Q. Were you interested in drawing from a young age? Tell us how your first published work came to be.
I was often found scribbling on paper or any surface that had a space to draw on, not a great recommendation even if its with creative intention as my parents often pointed out.
My older brother loved his comics so I was introduced to Archie, Marvel Comics, Garfield and Calvin and Hobbs at a young age and soaked up a lot of creativity from the imagery in the flat (but action packed) comics.
My first picture book came together five years ago when a couple of things started to line up for me. It wasn’t an intentional decision to illustrate full time, but I’d had a lot of encouragement from work colleagues to pursue a career in illustration. I found myself looking at books and noting down the publishers. I came across a book by fellow Disney colleague Tina Bourke and my adoration became my creative inspiration. I sent out my portfolio to publishers in Australia and overseas and within 3 months I had my first contract and have not looked back since.
Q. How many illustrations do you work on at any one time?
I work on one project at a time, I do admire illustrator who can work on several books at a time (and I know a few who can do it) but I can’t, I guess we all work differently. With picture books like ‘Gracie and Josh‘ and the Lulu Bell series I will work on about four illustrations at a time painting and pencilling between each depending on which flows better. I still seem to leave the harder illustrations to the end, perhaps pressure and a looming deadline overrides your initial thoughts that it’s not great or impossible to paint.
Q. What tips would you give to an aspiring illustrator?
For five years I have painted to a brief, painted what other people have asked for and what was required (stay with me here, I am not dissing the above points). I moved to Melbourne a year ago for inspiration, I needed a change and Melbourne was where it took me. Two people asked me what do I draw for fun? And my reply was ‘I don’t’. I didn’t realise just how important it is to draw from your own creative space from your own voice and creative expression. Its what sparked the interest of my first publisher after I drew a giraffe (of all things!) for a manuscript they had which featured a giraffe.
If I say practice, my rebellious side folds her arms (she’s a tad stubborn) if I say sit in a cafe with and draw me what you see, my appetite for creativity flows more openly. Draw from you, what you see and feel. Gain reference from other artists, attend talks and workshops and learn from people who excite you. I learnt a lot from looking at Gus Gordon’s books, Anna Walker and Tina Bourke.
From thirty-five publishers I approached in Australia and overseas, I had one, yes thats all it takes to get you started.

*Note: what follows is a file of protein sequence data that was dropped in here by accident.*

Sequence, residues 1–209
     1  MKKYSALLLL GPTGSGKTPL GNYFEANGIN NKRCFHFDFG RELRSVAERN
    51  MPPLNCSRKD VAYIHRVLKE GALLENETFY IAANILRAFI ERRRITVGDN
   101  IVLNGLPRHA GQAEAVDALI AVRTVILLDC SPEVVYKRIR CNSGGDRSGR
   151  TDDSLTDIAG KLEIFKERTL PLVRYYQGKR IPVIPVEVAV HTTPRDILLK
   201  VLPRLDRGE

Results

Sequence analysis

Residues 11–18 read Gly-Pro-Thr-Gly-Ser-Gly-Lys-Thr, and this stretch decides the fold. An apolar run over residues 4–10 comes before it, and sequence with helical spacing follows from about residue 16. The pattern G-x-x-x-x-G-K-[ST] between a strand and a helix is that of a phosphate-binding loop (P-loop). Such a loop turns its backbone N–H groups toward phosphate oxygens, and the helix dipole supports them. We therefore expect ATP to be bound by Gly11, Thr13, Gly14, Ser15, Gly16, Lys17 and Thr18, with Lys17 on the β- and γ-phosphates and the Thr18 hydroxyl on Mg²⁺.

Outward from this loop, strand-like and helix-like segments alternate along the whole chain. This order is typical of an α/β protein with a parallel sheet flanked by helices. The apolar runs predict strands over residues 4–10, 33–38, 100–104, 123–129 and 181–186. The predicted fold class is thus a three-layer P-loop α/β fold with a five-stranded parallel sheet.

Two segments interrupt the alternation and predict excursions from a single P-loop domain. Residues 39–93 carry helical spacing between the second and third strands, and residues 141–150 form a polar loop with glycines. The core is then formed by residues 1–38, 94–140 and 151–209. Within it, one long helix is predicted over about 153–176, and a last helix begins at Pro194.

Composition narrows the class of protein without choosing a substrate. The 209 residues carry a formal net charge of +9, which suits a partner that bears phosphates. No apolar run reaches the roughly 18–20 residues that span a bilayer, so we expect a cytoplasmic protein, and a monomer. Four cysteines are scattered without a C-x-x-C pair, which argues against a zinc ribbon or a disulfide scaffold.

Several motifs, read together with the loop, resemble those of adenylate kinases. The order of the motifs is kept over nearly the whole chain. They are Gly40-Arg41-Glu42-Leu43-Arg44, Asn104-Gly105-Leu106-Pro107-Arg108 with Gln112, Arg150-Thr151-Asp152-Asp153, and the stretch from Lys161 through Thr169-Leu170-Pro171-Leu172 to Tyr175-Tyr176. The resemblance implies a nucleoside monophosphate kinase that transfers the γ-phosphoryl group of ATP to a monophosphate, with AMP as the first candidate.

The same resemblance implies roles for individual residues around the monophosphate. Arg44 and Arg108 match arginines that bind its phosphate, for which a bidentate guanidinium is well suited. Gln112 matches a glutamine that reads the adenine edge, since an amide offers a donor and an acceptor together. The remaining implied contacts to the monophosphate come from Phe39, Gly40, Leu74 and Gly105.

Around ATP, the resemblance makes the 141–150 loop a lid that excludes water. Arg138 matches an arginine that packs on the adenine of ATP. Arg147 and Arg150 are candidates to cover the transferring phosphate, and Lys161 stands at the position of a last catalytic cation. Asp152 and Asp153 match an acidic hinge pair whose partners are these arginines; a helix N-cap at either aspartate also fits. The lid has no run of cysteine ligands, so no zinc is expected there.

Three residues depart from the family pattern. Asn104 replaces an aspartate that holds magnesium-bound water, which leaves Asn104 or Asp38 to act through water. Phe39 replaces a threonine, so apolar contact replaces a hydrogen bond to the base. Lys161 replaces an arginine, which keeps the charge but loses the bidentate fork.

Q. Do you still submit to publishers or do they now approach you with a book in mind?
Yes and no. I’ve enough Lulu Bells to keep me busy that I don’t have a lot of time to approach publishers though I am about to head to Europe and will see some while I am there. I tend to get more emails from people wanting a book illustrated, either for submission or to self publish. Its difficult due to time constraints. Publishers don’t look at fully illustrated manuscripts with the submission process and to illustrate a 32 page book for someone to self publish takes up to 3 months, even longer for some artists and I don’t think it realised the amount of work that is involved and the costs to illustrate a book.
I was lucky with Random House, I was actually working there 2 days a week and was helping with the SCBWI Illustrator Showcase two years ago (the next SCBWI Conference is this year!) and was discussing with the head of the children’s section about the show case. They were looking for someone for a new series and I started to mention other illustrators….a little voice in my head kept tapping away saying, ‘put yourself forward your goose!’ which I did. After a few tweaks and no promises, Lulu Bell was created. I guess that was being in the right place at the right time.
Q. Where is your favourite place to draw?
Cortona…. Ha-ha! Well that’s an expensive place to draw but I am heading there in a couple of weeks so I do hope it becomes a favourite! I have a studio right near Flinders Street Station and work with some wonderfully talented creatives so I am always inspired, but I seem to enjoy sitting in cafes or the State Library and paint in my little book.
Q. What’s the best thing about being an illustrator?
I get to sit in cafes all day?
I have just returned from a book tour with Belinda Murrell and Random House, we visited about 13 schools with multiple sessions. Seeing the responses from the class, the enthusiasm and sheer excitement from the students has to be one of the most rewarding feelings when doing what you love. At first it was certainly seeing my books and holding them finally finished, but the buzz of seeing how much an impact it has on others is a pretty nice and gooey feeling in itself.
Q. If you could invite one author, dead or alive to dinner who would it be?
Beatrix Potter. She was rather defiant, had a fabulous imagination and I admire her self belief.
Q. If you could be any character from any book for a day who would you be and why?
I’d like to be Rosie, she lives in a village and has a pet Dragon called Rasmus who wants to fly.
I mean, how many people get to spend their days hanging out with a dragon? It would be pretty amazing
Q. What’s next from Serena Geddes?
I am running away to Europe for 6 weeks whaoo! I am also spending a couple of weeks writing and developing Rosie and Rasmus for submission in early June, then straight onto Lulu Bell and the Christmas Elf and another four more Lulu’s before Christmas.